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When an employee is absent from work for an extended period of time and does not have an explanation for this, this may mean that they have abandoned their employment. You should make a good faith effort to try and contact the employee. Here, you should clarify whether they intend to come back to work. If they do not respond or have an explanation, it is possible to dismiss them. This article will explain:

  • what ‘abandonment of employment’ is;
  • how it relates to unexplained absences; 
  • what to do when an employee is absent without explanation; and 
  • how to dismiss an employee who has abandoned their job.

What Is Abandonment Of Employment?

Abandonment of employment is:

  • when the employee does not turn up to work for multiple days in a row;
  • has not given any reason or explanation for their absence; and 
  • where it is genuinely unknown whether they intend to come back. Or, if they say they do not intend to come back.

Not every unexplained absence will amount to abandonment of employment, or mean that the employee can be dismissed.

For example, the employee fully intends to return to work, but takes some days off. Here, they may have taken unauthorised leave rather than abandoned their job. This can be treated as possible misconduct instead.

However, say an employee clears their desk, declares that they are not coming back, and leaves the office without coming back for days. This may be abandonment as the employee does not seem to have an intention to return to work.

What To Do When An Employee Is Absent Without An Explanation

You have a good faith duty to your employee. This applies even when they are absent from work and have not given a reason or explanation. When an employee does not turn up to work, you must make a significant effort to try and contact them. While there is no firm or required number of days before the employee is considered to have abandoned their job, the time period would typically be longer than three days. 

For employees who are absent, you should:

  • call all contact numbers for them several times; 
  • leave messages to call you back; and
  • eventually, send an email telling the absent employee that you are considering terminating their employment as they have abandoned their job.

If you succeed in getting in contact with your employee and they have a good reason or explanation for their absence and intend to return to work, you cannot rely on abandonment to dismiss them.

How To Dismiss An Employee Who Is Absent Without A Reason

In some scenarios, you may have little choice but to follow a process to dismiss an employee who has abandoned their employment. Remember that you should already have tried to contact them several times, and warned them that their job is at risk. You should give them a final deadline to contact you. Afterwards, you will have to regard them as having abandoned their employment.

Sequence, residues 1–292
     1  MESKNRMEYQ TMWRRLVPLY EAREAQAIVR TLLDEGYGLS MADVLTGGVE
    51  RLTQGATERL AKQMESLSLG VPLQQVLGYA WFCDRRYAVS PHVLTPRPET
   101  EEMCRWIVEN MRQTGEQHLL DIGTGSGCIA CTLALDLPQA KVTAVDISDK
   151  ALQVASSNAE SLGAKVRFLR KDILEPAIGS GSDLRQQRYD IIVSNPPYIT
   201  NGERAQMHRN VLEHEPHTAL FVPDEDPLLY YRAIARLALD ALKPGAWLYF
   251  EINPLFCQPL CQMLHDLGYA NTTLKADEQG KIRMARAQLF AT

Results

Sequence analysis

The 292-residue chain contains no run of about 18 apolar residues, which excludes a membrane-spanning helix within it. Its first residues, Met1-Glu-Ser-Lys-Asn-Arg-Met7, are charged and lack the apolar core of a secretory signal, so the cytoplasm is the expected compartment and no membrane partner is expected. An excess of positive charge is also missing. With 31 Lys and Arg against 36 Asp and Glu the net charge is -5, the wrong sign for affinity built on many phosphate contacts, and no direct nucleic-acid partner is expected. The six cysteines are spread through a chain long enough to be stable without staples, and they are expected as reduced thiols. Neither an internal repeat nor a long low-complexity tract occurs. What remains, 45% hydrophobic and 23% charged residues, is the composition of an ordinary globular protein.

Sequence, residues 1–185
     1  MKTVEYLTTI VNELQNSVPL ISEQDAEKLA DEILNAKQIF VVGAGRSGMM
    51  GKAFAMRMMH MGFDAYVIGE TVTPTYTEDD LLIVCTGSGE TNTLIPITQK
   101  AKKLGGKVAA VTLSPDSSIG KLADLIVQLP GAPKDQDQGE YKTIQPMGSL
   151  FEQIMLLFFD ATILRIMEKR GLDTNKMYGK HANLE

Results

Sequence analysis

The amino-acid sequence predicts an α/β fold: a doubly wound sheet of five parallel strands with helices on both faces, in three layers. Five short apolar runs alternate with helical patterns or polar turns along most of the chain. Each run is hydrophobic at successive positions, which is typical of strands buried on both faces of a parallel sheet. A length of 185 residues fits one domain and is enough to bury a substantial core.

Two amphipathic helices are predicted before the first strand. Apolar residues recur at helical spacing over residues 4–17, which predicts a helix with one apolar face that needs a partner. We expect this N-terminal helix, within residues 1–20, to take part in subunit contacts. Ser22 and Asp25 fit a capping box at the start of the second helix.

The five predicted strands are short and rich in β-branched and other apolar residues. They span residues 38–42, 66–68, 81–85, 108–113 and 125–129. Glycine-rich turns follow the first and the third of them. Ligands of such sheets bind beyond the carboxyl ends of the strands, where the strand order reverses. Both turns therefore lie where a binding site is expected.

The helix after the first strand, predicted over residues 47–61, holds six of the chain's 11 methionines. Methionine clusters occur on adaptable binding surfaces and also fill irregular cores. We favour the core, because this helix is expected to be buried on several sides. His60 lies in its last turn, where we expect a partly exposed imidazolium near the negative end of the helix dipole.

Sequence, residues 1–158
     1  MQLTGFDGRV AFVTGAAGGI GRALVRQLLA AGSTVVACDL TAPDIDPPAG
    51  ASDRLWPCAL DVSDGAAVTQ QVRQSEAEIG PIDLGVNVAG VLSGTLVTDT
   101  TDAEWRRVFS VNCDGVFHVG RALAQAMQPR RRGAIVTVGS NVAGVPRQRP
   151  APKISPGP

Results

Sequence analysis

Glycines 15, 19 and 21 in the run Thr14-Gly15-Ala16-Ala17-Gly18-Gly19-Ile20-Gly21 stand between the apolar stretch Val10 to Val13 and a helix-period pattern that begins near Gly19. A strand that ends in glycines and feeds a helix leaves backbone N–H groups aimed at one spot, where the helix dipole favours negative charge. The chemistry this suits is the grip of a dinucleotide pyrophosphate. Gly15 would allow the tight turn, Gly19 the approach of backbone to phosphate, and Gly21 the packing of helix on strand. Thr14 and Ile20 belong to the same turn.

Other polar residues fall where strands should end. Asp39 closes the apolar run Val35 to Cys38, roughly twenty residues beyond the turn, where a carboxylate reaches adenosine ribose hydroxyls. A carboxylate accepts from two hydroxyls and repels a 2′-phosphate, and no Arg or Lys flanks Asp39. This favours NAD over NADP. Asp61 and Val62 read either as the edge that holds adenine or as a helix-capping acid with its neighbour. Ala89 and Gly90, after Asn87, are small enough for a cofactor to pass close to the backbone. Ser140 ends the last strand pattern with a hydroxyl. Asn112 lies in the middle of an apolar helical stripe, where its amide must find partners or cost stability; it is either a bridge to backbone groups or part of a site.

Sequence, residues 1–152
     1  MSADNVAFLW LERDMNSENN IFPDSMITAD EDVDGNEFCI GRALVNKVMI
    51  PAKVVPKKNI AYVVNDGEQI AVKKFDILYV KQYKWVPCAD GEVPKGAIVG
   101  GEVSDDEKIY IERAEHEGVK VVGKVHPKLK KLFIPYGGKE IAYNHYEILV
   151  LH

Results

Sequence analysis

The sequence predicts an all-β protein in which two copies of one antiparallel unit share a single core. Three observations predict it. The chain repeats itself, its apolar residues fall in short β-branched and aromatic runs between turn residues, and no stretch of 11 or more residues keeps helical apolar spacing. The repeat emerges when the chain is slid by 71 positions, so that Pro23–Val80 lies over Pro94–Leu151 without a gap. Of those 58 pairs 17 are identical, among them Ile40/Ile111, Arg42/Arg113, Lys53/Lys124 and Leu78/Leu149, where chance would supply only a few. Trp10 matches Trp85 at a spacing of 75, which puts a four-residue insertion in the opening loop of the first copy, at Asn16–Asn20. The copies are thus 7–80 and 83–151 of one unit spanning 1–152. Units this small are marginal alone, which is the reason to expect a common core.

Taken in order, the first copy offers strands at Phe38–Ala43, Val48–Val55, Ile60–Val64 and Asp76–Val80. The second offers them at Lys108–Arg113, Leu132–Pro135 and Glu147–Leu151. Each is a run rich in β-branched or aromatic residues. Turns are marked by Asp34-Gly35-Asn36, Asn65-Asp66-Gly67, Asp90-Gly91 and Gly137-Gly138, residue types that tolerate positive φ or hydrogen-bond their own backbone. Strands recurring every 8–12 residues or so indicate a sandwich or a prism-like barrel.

You should also cite an abandonment clause if the employee’s agreement has one. This is a clause which states that the employee’s employment may be terminated after a specific number of days of unauthorised absence (usually three to five days). It is best practice for all employment agreements to contain a clause on abandonment, and this increases flexibility for your business.

It is important that you keep a record of all attempted contact and communication so that, if there is a dispute in the future, you have it all documented. After the final deadline has passed, you should send a final confirmation letter. This will state that you have terminated the employee’s employment as they have abandoned their job.

Key Takeaways

It is legal in New Zealand in some circumstances to dismiss an employee for an unexplained absence. However, this unexplained absence must amount to the employee abandoning their employment – not all unexplained absences will be abandonment. If an employee eventually gives a reasonable explanation or comes back to work, this may be a misconduct issue but they usually cannot be dismissed on the grounds of abandonment. It is important to remember your good faith duty and make repeated efforts to get in touch with employees who are away from work without explanation. If you want to know more about abandonment of employment or dismissing an employee for unexplained absences, contact LegalVision’s New Zealand employment lawyers on 0800 005 570 or complete the form on this page.

Frequently Asked Questions

What is abandoning employment?

Abandonment is when an employee does not turn up to work for an extended period of time without a reason or explanation for their absence and does not intend on coming back. 

What should an employer do if an employee is absent for days without an explanation?

The employer should try and get in touch with the employee in whatever way possible, including calling them, leaving messages, and emailing. They should, after at least three days of no contact, warn the employee that their job might be at risk by abandoning their employment.

Can an employer dismiss an employee for an unexplained absence?

Yes, in scenarios where the employee is absent without contact or explanation for an extended period of time and has no intention to return.

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